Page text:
Then, player *x* will compare its current reputation with player *y*’s in the chosen sample of the population. It will be willing to interact with player *y*, if player *y*’s reputation is within its tolerance range, that is,where () is the current reputation level of player *x* (*y*), and *h* is the tolerance range of player *x*. In this study, we assume that each player has the same tolerance range. Similarly, player *y* will be willing to interact with player *x* if As a result, only when player *x* can interact with player *y*, and obtain the payoff from the game.

According to the above interaction rule, player *x* chooses its interaction partners from the sample of the population, and collects its payoff by using strategy (2)where is the number of player *x*’s interaction partners, is the number of cooperators among the interaction partners, and

Following the interactions with the sample of the population, player *x*’s reputation level is adjusted, and its updated reputation level, is a weighted combination of its previous level at time and its actions taken against interaction partners at *t*. Formally,(3)where is a weighting factor. For individuals’ reputation depends only on the present interactions. For individuals’ reputation is unchanged. Without loss of generality, the second term in Eq. (3) is normalized (divided by the number of the sample *k*), and is a measure of how much player *x* cooperated with others. In this study, the reputation level for *N* agents is initially random and can vary between 0 and 1, and correspondingly the tolerance rang is set to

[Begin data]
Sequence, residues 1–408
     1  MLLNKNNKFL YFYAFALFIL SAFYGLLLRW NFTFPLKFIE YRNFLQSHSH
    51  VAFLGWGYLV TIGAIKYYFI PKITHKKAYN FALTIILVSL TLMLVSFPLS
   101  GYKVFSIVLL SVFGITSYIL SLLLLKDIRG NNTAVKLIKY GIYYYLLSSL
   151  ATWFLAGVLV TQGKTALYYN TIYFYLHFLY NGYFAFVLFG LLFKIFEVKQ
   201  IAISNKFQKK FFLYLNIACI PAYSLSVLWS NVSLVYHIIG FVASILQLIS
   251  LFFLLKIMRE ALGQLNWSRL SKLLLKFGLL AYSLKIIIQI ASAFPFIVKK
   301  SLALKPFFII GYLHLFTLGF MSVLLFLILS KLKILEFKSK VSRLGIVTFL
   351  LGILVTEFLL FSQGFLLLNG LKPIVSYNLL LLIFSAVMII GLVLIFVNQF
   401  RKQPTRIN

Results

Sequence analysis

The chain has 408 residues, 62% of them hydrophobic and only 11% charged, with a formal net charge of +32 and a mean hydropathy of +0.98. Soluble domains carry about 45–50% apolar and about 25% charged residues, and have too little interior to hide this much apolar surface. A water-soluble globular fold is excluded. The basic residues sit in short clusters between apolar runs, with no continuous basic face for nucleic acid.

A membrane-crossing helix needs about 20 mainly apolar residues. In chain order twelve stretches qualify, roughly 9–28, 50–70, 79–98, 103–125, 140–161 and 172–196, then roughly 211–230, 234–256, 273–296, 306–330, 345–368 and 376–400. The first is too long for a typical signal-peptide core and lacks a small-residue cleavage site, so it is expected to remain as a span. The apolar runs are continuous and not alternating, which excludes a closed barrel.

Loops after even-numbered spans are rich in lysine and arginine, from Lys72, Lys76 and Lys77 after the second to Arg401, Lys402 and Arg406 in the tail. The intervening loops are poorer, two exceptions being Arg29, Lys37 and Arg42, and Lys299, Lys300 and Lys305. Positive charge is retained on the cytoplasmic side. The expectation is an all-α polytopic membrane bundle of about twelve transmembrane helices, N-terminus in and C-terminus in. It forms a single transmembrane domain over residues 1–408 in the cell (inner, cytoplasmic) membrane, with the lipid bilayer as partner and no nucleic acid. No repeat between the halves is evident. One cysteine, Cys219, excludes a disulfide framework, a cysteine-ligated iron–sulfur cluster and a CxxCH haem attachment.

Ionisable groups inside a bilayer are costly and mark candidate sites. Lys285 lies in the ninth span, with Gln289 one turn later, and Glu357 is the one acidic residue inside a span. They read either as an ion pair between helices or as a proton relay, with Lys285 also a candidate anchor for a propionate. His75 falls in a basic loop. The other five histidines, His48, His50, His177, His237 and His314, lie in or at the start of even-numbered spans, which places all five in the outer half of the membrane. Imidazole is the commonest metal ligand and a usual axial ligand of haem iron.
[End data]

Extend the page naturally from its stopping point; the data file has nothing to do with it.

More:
Following the reassignment of reputation levels, player *x* selects another player *y* randomly from the entire population for strategy updating. Whenever it will adopt the selected individual *y*’s strategy with probability given by(4)where *M* ensures the proper normalization and is given by the maximum possible difference between the payoffs of *x* and *y*. It is important to point out that the selection under such strategy update rule is strong and can dismiss some stochastic effects, so that we can focus more forcefully on the effects of the reputation-based conditional interactions.

In this study, we set and investigate the effects of *h* on the evolution of cooperation. Moreover, we have checked that the main results remain unaffected qualitatively when changing α within realistic limits.

We study this model by Monte Carlo (MC) simulations, which are carried out in the well-mixed population with size Initially, the two strategies of C and D are randomly distributed among the population with an equal probability, and individuals’ reputation levels are randomly distributed within the interval Under stochastic dynamics, the population will inevitably converge to one of the two possible absorbing states: 100% cooperators or 100% defectors [54], [60]. In our study, we run 500 independent simulations for each set of parameters, and compute the fraction of times that the system evolves to 100% cooperators as the cooperation level However, we find that the time for reaching an absorbing state may be prohibitively long for certain sets of parameters. If the population does not converge to an absorbing state after generations, the cooperation level is determined by the average fraction of cooperators in the population over the last generations. Furthermore, we implement this computational model with synchronous updates [46].

## Author Contributions

Conceived and designed the experiments: XC AS MD AB LW. Performed the experiments: XC AS MD AB LW. Analyzed the data: XC AS MD AB LW. Contributed reagents/materials/analysis tools: XC AS MD AB LW. Wrote the paper: XC AS MD AB LW.